Researchers have found a way to use chaos to help develop digital fingerprints for electronic devices that may be unique enough to foil even the most sophisticated hackers.
Just how unique are these fingerprints? The researchers believe it would take longer than the lifetime of the universe to test for every possible combination available.
“In our system, chaos is very, very good,” said Daniel Gauthier, senior author of the study and professor of physics at The Ohio State University.
The study was recently published online in the journal IEEE Access.
The researchers created a new version of an emerging technology called physically unclonable functions, or PUFs, that are built into computer chips.
Gauthier said these new PUFs could potentially be used to create secure ID cards, to track goods in supply chains and as part of authentication applications, where it is vital to know that you’re not communicating with an impostor.
“The SolarWinds hack that targeted the U.S. government really got people thinking about how we’re going to be doing authentication and cryptography,” Gauthier said.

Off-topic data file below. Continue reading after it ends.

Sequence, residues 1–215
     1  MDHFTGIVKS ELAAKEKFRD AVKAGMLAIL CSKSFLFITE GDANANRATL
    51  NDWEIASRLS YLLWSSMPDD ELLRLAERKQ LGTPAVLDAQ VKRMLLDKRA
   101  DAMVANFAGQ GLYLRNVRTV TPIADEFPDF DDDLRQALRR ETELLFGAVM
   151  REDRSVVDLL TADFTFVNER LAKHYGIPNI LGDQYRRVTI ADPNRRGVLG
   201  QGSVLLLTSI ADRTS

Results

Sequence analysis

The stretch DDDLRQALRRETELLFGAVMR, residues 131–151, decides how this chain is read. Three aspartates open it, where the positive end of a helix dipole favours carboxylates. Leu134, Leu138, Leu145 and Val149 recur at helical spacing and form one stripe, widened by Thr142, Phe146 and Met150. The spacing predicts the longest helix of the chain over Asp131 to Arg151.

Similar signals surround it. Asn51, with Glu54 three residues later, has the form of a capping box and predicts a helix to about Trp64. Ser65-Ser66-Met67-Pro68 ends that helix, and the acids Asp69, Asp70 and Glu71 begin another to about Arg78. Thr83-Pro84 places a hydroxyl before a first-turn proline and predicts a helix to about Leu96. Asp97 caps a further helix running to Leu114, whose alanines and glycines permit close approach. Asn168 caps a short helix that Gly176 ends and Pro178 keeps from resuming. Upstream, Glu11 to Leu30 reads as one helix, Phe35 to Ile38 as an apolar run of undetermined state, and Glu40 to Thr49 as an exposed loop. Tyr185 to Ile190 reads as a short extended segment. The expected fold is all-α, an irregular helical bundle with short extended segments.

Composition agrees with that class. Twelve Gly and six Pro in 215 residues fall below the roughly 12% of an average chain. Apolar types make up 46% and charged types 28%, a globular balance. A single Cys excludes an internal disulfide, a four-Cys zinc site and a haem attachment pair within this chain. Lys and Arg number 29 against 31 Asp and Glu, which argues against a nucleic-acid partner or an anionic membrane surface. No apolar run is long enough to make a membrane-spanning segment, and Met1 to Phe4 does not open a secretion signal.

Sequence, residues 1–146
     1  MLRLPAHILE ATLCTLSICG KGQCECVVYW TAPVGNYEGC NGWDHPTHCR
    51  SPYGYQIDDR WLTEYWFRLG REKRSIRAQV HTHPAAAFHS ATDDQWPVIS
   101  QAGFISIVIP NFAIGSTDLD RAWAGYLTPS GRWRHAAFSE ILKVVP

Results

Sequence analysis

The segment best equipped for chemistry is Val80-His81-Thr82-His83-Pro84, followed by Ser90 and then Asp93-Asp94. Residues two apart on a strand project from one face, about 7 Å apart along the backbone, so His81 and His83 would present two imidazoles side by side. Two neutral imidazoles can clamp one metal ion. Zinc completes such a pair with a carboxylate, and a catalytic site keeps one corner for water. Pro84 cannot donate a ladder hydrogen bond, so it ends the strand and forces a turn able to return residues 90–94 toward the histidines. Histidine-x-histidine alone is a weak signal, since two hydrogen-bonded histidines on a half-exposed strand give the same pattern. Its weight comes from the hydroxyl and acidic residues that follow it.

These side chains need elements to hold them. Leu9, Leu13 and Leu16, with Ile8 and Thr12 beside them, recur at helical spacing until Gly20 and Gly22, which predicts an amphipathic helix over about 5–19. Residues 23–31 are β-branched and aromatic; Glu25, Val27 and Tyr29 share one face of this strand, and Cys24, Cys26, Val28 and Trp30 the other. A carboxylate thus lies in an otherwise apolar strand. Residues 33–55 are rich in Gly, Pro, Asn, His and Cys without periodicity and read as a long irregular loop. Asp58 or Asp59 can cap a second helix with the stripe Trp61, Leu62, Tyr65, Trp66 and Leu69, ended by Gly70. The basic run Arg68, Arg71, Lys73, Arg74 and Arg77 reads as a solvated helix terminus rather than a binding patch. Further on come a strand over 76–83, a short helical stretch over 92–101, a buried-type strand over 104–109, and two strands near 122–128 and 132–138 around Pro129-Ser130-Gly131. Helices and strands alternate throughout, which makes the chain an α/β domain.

“We’re hopeful that this could be part of the solution.”
The new solution makes use of PUFs, which take advantage of tiny manufacturing variations found in each computer chip—variations so small that they aren’t noticeable to the end user, said Noeloikeau Charlot, lead author of the study and a doctoral student in physics at Ohio State.
“There’s a wealth of information in even the smallest differences found on computers chips that we can exploit to create PUFs,” Charlot said.
These slight variations—sometimes seen only at the atomic level—are used to create unique sequences of 0s and 1s that researchers in the field call, appropriately enough, “secrets.”
Other groups have developed what they thought were strong PUFs, but research showed that hackers could successfully attack them. The problem is that current PUFs contain only a limited number of secrets, Gauthier said.
“If you have a…